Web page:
10:00 Coffee Break
10:30: Panel 3
The Role of Science in Courtroom Narratives
Elizabeth Loftus, speaker
James McGaugh, Jon Eisenberg, Michael Grossberg
Moderator: Erika Hayasaki
Often, what jurors are led to believe is hard evidence is anything but that. According to the 2009 National Academy of Sciences report, evidence regularly used in the courtroom (fingerprints, ballistic traces, teethmarks, etc.) can be convincingly challenged. Forensic science, the NAS argues, is more art than science. What is more, in 2014 the NAS issued a report that also questioned the reliability of eyewitness testimony. As has been established, eyewitness testimony accounts for 72 percent of wrongful convictions. Memory, on which eyewitness testimony relies in part, is complicated, but narrative reconstruction in the courtroom as well as in creative nonfiction relies on memory. So it is worth considering just how memory works, and how it can be deleted, altered, and invented – unknowingly.
Luncheon speaker: Philip Meyer, author of Storytelling for Lawyers
1:30 Panel 3
Turning a Villain into a Victim (and vice versa)
Linda Edwards, speaker
Gloria Killian, Howard Weitzman, Gary Bostwick
Moderator: Henry Weinstein
The best story line is the one that naturally makes sense to people, and by extension, to jurors. Here’s one that may sound familiar: An evil villain wreaks havoc on innocent and helpless people; a brave hero fights the villain, facing great danger. In the end, the hero kills the villain, thus restoring order. But this is not a recipe for a movie script; as Linda Edwards has argued, it is “the foundation for nearly every brief” filed by prosecutors in criminal appeals. Meanwhile defense attorneys like to play up the victimhood of their clients. Proving that for our species, character is central. But what exactly, in the collection of mythic stories humans recognize, constitutes a villain, what a victim? What special narrative “tricks” and “ploys” do lawyers use to lead jurors into accepting their version of character?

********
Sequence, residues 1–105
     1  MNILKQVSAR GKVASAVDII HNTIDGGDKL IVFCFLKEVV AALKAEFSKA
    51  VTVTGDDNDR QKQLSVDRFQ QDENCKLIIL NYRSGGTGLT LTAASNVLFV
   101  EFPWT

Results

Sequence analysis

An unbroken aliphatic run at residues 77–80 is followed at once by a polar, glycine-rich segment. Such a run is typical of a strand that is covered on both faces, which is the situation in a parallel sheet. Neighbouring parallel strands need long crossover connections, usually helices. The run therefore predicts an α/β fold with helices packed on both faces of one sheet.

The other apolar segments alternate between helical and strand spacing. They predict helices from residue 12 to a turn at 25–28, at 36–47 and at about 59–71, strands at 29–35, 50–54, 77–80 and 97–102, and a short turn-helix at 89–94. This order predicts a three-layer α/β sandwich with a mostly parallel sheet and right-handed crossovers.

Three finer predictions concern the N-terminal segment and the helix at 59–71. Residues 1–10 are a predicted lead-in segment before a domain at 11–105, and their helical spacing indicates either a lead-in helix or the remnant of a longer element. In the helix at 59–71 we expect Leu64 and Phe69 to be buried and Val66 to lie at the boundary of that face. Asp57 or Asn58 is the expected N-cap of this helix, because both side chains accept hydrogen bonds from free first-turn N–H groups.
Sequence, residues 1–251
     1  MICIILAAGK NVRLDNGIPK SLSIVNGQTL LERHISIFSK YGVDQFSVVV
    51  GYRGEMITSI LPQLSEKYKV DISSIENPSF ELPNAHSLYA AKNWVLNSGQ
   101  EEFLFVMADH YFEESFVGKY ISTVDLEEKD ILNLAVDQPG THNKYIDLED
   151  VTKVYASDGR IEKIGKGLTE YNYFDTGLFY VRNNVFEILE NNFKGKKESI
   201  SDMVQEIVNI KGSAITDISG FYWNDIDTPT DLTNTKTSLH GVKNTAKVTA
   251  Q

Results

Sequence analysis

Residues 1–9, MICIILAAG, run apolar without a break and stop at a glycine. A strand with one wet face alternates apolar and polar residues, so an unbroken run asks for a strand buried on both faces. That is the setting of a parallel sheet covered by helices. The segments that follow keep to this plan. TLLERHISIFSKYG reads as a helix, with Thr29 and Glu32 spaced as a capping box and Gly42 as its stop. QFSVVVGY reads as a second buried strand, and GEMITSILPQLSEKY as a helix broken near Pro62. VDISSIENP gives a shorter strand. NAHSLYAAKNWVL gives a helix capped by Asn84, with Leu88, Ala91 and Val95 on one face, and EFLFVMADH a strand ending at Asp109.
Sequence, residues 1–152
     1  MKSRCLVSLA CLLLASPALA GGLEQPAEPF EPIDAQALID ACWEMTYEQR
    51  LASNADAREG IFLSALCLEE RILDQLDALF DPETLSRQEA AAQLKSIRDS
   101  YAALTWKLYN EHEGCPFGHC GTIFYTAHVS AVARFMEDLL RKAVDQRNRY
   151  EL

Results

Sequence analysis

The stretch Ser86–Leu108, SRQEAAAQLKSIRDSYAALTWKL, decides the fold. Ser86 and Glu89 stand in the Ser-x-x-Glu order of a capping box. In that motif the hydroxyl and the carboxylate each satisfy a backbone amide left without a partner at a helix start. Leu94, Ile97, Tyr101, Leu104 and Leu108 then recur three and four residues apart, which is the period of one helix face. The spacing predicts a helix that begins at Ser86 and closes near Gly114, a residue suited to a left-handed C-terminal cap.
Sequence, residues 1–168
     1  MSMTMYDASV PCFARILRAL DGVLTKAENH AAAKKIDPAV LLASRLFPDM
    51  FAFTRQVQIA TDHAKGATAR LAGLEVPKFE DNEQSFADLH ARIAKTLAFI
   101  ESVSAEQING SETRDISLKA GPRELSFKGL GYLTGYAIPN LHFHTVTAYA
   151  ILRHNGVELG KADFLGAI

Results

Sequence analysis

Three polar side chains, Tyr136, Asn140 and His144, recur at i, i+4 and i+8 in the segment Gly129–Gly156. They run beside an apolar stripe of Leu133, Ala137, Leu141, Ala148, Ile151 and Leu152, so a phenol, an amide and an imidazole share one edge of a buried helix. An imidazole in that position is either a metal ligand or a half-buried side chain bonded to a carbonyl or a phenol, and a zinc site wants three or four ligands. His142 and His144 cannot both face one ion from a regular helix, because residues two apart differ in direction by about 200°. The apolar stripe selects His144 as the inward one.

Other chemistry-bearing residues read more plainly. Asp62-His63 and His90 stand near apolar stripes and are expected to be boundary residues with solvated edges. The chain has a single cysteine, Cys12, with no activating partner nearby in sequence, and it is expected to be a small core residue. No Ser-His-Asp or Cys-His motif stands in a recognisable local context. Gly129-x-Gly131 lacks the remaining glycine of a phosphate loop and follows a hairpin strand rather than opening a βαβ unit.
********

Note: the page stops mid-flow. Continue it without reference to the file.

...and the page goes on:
3:00 Coffee Break
3:30: Panel 4
Creating a Coherent Narrative: What Happened and Whodunit?
Paul Barrett, speaker
Brook Thomas, Hector Villagra, Philip Meyer
Moderator: Amy Wilentz
Competing narratives can befuddle a jury, and often come into play, also, when dollar judgments are awarded. What happens when a prosecutor goes too far — sometimes way too far — in working to develop a sensible or a dramatic or a simple, coherent narrative? Sometimes it can be a case like the Central Park Five, in which confessions are coerced and evidence made to support a narrative that never happened. Sometimes it’s a case like Steve Donziger’s against Chevron in the Amazon, in which the ostensible “good guy” politicks and manipulates evidence against an almost universally acknowledged “bad guy.” There are very real risks to both sides in the overzealous development of a single and pure narrative of a case. Yet how else do we go about proving what really happened and who actually done it?
Barry Siegel, author of Manifest Injustice and Director of UCI’s Literary Journalism Program